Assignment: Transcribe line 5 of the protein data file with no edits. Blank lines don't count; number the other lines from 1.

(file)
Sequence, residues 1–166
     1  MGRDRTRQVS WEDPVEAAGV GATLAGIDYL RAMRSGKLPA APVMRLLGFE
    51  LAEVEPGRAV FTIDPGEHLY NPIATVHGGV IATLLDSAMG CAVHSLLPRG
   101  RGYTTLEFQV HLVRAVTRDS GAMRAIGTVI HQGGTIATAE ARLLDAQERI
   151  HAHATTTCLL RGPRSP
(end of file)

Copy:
   151  HAHATTTCLL RGPRSP